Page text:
My name is Tai Mei Chang, I am a wildlife biology major at Colorado State University and I was a 2021 Siegle intern! Being able to work for the Colorado Natural Heritage Program as a Siegle Intern this past summer was one of the most educational and influential experiences in my college career. Every week I was able to work on a different project which allowed me to learn so much more than just working on a single project all summer. The projects that I had the opportunity to work on were: Rifle Ranch riparian restoration, Roaring Fork Valley plant monitoring, Preble’s Meadow Jumping Mouse, New Mexico GLORIA project, San Luis Valley rare plant monitoring, and lastly Prairie Dog management in Wyoming. Through these incredible projects, I was able to discover new passions in alpine plant monitoring while practicing my current passion for wildlife conservation.
Not only did I get to explore parts of Colorado I would have never had access to, but this internship also allowed me to travel to neighboring states and understand the different plant and wildlife species that live in mountainous regions compared to grasslands. For example, working at alpine elevations the primary species we saw were pika, bighorn sheep, moose, and marmots. However working in the grasslands we saw predominantly pronghorn, coyote, prairie dogs, and rattlesnakes. It was so fascinating getting familiar with the ecology of these areas where conservation practices are taking place.
In addition, getting to work with like-minded people in the natural resources field made this internship experience even better. While most work weeks are you and one other intern with a mentor, the first week of work working at Rifle Ranch was so much fun because all 12 of us interns got the chance to get to know each other and work together on riparian restoration. That week really solidified the fact that we all wanted to learn as much as we can and work together to make this summer memorable by working hard and supporting each other in the research projects that we were working on together. It also was a great week to bond with your fellow interns and also get to know the mentors better and why they wanted to go into the natural resources field and how they got to where they are today.
I definitely know so much more about the relationship between wildlife and humans along with wildlife and plants. My plant ID and scat ID skills have improved so much and being able to work with rare plant species and see so much wildlife was worth all the sore muscles from hiking and eating camp food. Seeing how factors like private landowners play a key role in conservation helped me understand the logistical and financial aspects of the natural resources field as well which I feel a lot of us don’t get enough exposure to. Overall this summer has taught me so much and I will continue to use the skills learned in this internship and put them toward my future career.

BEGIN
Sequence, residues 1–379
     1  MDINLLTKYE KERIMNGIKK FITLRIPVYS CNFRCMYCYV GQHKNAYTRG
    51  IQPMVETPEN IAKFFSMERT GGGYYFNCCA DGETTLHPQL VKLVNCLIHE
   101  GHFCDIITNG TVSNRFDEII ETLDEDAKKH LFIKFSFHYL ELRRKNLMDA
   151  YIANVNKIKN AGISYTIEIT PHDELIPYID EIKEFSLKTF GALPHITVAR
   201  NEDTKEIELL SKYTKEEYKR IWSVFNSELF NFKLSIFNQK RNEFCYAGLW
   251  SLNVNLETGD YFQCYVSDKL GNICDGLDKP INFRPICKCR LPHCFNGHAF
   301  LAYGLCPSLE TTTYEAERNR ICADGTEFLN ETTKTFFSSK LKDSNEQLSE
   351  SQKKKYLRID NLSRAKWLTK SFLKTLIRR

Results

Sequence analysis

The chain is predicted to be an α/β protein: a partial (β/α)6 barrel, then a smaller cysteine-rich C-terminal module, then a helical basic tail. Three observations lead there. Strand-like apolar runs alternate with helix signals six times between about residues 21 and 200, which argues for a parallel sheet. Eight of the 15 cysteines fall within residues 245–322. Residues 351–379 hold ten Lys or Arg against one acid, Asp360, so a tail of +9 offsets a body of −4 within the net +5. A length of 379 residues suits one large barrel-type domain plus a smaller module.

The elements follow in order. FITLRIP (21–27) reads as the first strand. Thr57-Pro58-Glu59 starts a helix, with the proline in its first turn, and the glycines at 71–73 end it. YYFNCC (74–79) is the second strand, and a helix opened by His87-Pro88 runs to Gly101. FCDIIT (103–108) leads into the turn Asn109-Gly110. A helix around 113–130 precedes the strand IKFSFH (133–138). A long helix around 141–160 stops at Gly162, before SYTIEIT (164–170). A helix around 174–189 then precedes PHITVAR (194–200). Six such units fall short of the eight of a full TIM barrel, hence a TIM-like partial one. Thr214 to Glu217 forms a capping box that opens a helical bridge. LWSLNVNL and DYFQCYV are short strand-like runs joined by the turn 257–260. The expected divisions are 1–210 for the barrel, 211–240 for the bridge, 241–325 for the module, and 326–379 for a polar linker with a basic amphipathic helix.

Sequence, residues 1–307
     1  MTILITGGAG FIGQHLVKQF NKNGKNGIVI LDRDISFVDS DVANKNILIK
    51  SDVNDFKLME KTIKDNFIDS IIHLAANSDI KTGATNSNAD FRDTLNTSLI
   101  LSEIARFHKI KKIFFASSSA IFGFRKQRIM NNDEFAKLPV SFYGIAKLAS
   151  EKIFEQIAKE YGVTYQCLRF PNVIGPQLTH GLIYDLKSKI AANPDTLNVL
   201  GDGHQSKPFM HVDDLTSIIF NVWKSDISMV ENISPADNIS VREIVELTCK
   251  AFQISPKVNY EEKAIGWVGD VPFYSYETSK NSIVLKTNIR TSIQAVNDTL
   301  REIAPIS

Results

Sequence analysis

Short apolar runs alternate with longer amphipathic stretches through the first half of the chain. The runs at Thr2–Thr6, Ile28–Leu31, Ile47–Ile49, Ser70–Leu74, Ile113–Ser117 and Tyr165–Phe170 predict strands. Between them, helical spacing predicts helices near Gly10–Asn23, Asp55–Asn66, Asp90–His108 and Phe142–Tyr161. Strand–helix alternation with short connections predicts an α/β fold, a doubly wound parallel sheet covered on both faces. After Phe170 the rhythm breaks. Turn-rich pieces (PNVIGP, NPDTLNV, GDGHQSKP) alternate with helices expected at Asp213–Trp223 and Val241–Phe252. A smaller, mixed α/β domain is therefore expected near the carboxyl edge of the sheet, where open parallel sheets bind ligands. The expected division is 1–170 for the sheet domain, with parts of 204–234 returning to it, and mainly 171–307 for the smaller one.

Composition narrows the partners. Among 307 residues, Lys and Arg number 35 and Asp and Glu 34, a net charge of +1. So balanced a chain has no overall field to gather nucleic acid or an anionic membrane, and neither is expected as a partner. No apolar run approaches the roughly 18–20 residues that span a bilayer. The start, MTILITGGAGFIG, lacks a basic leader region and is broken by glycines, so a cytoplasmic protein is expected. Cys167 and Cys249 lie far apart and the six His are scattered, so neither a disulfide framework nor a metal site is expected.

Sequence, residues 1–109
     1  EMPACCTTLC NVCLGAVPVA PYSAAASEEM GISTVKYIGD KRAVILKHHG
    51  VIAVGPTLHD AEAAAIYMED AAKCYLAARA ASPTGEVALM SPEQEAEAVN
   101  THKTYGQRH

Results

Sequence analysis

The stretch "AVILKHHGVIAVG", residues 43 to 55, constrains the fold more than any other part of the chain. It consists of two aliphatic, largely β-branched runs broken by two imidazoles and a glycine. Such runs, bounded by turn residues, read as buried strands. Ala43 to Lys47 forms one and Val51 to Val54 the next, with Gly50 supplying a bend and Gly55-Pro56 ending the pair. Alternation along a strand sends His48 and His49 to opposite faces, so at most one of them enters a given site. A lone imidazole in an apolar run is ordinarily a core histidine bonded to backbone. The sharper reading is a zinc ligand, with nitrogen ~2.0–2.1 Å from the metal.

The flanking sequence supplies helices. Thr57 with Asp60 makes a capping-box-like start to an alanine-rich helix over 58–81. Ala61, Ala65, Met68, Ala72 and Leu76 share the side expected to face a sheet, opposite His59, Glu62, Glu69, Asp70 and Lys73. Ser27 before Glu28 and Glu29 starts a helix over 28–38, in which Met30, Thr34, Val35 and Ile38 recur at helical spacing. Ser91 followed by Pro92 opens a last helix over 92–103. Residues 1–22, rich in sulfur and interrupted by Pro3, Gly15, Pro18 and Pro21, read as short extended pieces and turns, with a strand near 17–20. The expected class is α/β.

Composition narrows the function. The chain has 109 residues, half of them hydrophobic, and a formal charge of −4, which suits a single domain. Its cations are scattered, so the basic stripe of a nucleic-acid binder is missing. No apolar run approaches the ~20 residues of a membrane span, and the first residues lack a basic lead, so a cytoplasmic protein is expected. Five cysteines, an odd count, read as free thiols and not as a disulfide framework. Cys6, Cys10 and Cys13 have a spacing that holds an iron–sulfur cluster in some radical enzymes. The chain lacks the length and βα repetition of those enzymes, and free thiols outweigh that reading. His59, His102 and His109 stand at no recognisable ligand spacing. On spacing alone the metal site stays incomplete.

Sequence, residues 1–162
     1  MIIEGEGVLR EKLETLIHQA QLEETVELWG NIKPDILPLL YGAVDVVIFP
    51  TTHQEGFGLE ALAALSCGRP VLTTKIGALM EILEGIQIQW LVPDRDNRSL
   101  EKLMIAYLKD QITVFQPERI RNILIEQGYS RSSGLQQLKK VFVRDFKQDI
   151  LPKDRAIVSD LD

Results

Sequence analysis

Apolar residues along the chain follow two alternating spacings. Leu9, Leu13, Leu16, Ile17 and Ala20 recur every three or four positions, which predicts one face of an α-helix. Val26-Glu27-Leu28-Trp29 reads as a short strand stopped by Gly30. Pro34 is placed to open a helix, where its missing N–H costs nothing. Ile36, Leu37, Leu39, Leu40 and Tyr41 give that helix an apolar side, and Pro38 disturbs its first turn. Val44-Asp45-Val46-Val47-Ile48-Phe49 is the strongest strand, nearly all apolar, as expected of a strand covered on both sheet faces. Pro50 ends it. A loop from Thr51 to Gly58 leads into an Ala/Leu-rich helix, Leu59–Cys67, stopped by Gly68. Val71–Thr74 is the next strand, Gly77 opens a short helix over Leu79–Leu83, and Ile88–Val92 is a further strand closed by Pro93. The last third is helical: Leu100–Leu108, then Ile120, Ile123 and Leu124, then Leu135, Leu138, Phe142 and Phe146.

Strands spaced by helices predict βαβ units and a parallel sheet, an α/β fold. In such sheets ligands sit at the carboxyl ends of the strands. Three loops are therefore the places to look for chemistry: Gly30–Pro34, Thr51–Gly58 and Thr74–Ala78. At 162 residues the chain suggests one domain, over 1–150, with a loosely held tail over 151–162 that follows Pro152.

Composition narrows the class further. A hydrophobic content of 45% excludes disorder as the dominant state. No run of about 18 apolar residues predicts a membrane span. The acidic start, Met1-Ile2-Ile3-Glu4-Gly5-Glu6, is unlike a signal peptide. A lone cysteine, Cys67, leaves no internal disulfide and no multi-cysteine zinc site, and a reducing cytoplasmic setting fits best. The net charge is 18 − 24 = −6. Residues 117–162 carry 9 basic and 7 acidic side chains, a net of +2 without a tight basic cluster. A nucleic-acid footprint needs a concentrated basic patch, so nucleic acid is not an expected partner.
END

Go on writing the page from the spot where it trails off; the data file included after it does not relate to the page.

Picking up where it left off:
A couple of highlights in this internship include working on the GLORIA project in New Mexico’s Pecos Wilderness. The GLORIA (Global Observation Research Initiative in Alpine Environments) Project takes place at different alpine peaks and gets monitored for global climate change research every 5 years. During this week we backpacked 12 miles to the base of 4 peaks around 12-13,500 feet and each morning we would monitor a different peak. We had to wake up at 3 am to be on the trail by 4 am and start work at sunrise in order to complete all of our work before the afternoon thunderstorms roll in. While this was a very physically demanding week, it was one of my favorites as working on a mountain summit at sunrise every morning was an incredibly beautiful experience that you rarely get to be a part of. In addition, I learned so much about alpine plant species and how climate change impacts these ecosystems the most which were something that I had very little knowledge or exposure to beforehand. Setting out grids and plots to conduct research on top of a mountain range allowed me to learn new techniques and methods for obtaining data and allowed me to compare and contrast the data from the 5 years prior. In addition to plant monitoring, we saw so much wildlife like bighorn sheep, pika, marmots, and lots of bird species!
In the end, I would 100% do this internship all over again if I could. I learned so much, met so many amazing people, and work on a variety of amazing projects. Getting to work with important organizations like the US Forest Service, US Agricultural Service, National Park Service, and Colorado Parks and Wildlife under the Colorado Natural Heritage Program opened my mind up to the possibilities of potential jobs that are out there in natural resources. I never knew fieldwork could be so fun and exciting until this summer and I can’t wait to use what conservation practices I learned from this internship on future fieldwork projects.